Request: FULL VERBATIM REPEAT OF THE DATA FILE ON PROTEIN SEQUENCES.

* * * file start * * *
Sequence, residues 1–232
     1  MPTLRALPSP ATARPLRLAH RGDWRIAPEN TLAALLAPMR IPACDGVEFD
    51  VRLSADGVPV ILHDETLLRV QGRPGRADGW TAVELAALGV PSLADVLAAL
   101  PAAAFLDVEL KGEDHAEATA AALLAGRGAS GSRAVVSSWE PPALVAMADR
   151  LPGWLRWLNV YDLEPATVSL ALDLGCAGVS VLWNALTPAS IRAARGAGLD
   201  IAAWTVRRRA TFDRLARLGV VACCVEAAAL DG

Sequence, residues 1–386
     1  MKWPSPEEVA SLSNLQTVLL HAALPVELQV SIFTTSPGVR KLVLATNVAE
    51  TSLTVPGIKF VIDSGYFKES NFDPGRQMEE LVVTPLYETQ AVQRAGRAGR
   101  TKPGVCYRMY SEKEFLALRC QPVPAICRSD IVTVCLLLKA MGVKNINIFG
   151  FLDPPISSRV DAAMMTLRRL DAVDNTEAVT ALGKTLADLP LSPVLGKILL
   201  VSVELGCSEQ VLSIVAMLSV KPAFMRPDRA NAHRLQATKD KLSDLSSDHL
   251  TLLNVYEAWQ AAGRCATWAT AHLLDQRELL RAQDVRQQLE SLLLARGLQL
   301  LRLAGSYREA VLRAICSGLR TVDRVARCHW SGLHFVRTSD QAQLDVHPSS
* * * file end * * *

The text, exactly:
Sequence, residues 1–232
     1  MPTLRALPSP ATARPLRLAH RGDWRIAPEN TLAALLAPMR IPACDGVEFD
    51  VRLSADGVPV ILHDETLLRV QGRPGRADGW TAVELAALGV PSLADVLAAL
   101  PAAAFLDVEL KGEDHAEATA AALLAGRGAS GSRAVVSSWE PPALVAMADR
   151  LPGWLRWLNV YDLEPATVSL ALDLGCAGVS VLWNALTPAS IRAARGAGLD
   201  IAAWTVRRRA TFDRLARLGV VACCVEAAAL DG

Sequence, residues 1–386
     1  MKWPSPEEVA SLSNLQTVLL HAALPVELQV SIFTTSPGVR KLVLATNVAE
    51  TSLTVPGIKF VIDSGYFKES NFDPGRQMEE LVVTPLYETQ AVQRAGRAGR
   101  TKPGVCYRMY SEKEFLALRC QPVPAICRSD IVTVCLLLKA MGVKNINIFG
   151  FLDPPISSRV DAAMMTLRRL DAVDNTEAVT ALGKTLADLP LSPVLGKILL
   201  VSVELGCSEQ VLSIVAMLSV KPAFMRPDRA NAHRLQATKD KLSDLSSDHL
   251  TLLNVYEAWQ AAGRCATWAT AHLLDQRELL RAQDVRQQLE SLLLARGLQL
   301  LRLAGSYREA VLRAICSGLR TVDRVARCHW SGLHFVRTSD QAQLDVHPSS